By Dr Jyots Bhattacharjee
Giving and taking are like two sides of a coin, which are the two tural and emotiol characteristics of human beings. Obviously there is a bond of love in these two activities. We like to give things to our loved ones and we also like to accept gifts from them. Imagine our joy when we receive an unexpected gift from somebody. During the festive season the shopkeepers try to lure customers to their shops with promises of free gifts on the basis of their purchases. The gifts may be big or small, but it does not matter in the least. All that we care about is that it is a gift, which is the crux of the matter. Some of these shopping complexes may give a briefcase, or a clock, or something else, while the small shops may offer a ball pen or a key ring or something insignificant. But we are as happy with the small gifts as we are with the big ones. The very word ‘gift’ acts like a talisman on us. It is very exciting and it has the magnetic quality to attract us. Of course there is no trace of love or friendship in these gifts offered for commercial benefits. Still the word “gift” is fasciting and it does lure us to make purchases in those shops, though we may not actually need the things they offer. Such is the impact of that magic word ‘gift’ on us.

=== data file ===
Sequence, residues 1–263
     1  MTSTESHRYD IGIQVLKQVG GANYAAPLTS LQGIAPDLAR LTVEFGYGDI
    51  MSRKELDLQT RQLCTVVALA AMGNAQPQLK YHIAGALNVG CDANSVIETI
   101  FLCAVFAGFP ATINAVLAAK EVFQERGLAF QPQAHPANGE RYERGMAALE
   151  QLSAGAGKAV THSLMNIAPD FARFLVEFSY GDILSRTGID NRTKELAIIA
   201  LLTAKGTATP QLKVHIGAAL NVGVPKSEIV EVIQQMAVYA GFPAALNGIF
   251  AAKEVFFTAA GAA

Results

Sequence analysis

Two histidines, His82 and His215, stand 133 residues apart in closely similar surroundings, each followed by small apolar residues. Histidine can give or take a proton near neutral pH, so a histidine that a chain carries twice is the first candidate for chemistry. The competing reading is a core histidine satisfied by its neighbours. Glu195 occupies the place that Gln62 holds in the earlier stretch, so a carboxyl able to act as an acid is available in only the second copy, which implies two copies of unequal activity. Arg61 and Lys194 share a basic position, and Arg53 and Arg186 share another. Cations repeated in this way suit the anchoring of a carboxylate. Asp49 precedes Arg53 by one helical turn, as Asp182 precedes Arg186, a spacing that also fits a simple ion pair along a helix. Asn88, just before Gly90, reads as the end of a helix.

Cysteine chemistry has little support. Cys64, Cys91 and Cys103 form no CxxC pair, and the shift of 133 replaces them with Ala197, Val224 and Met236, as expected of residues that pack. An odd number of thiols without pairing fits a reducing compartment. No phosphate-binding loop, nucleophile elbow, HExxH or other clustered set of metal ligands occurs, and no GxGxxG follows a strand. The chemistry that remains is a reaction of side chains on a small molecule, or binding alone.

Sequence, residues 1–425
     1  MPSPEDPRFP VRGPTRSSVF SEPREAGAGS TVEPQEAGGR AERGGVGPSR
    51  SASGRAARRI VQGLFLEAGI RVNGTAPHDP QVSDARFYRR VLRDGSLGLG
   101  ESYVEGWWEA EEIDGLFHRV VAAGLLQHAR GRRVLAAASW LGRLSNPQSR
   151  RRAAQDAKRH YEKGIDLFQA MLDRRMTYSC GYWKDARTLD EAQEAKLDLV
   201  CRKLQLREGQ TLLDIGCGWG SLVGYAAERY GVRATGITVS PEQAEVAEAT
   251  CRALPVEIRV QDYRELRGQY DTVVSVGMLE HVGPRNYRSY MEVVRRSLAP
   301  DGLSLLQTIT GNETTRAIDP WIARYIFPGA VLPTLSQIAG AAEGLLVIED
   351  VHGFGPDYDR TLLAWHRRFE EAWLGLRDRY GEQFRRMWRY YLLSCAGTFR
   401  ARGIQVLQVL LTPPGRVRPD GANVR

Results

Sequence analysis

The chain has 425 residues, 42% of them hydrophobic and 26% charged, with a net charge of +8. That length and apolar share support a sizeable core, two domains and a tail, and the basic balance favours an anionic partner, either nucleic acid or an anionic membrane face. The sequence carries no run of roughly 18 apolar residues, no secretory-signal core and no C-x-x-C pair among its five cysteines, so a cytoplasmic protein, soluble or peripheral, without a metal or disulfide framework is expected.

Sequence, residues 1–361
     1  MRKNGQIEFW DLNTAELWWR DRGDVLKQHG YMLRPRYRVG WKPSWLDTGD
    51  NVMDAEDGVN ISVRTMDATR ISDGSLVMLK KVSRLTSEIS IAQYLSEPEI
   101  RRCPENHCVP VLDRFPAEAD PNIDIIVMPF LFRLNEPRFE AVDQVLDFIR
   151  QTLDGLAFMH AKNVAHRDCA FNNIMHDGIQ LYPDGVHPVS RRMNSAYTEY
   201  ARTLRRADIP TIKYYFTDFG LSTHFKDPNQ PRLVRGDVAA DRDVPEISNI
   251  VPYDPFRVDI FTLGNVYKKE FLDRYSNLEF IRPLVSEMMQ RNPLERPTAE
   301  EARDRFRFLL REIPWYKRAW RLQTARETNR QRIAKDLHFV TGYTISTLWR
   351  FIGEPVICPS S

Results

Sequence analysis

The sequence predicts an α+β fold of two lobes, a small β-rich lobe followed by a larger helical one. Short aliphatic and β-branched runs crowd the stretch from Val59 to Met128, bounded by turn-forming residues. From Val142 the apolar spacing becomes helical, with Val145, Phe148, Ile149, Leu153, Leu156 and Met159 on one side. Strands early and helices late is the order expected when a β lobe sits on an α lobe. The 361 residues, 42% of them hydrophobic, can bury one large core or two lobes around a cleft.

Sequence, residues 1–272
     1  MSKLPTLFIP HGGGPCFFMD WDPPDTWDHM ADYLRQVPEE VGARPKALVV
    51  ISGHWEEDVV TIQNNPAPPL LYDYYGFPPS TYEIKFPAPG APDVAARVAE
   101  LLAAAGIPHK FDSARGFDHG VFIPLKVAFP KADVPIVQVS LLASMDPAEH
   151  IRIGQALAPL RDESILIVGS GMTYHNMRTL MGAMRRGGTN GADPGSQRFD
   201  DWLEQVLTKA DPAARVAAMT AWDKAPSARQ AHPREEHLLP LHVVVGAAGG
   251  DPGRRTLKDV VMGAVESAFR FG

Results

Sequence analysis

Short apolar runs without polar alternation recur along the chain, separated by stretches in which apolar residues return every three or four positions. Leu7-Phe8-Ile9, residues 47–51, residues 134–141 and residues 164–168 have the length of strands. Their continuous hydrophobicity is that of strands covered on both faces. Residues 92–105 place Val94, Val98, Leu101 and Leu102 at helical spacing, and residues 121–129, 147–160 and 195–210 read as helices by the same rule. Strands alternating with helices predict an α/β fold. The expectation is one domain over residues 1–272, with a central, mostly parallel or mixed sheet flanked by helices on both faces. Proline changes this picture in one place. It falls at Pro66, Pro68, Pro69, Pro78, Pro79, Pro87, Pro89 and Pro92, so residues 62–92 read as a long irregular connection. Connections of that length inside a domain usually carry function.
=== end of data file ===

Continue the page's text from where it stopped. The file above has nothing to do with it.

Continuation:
Only the other day a gentleman told me that his home resembled more a stationery shop than a respectable residence, with all the free gifts his wife brings home along with her purchases. Apparently the lady goes to buy anything in a shop if the ‘free gift’ tag is attached to it. She may not actually need these things, but she falls for the gift like a ton of bricks. But obviously these free gifts are merely professiol strategy to lure customers, based on self-interest. They are not gifts in the ordiry sense, which are something special.
Actually we love to receive gifts from some people, who do not have any selfish interest in their minds, who give just for the joy of giving. The gift as such does not really matter; it may be very costly or it may be very cheap. What matters is the kindly thought of the giver. The gifts which are given with love and kindness may be very simple and cheap, but they bring lots of joy to the recipient.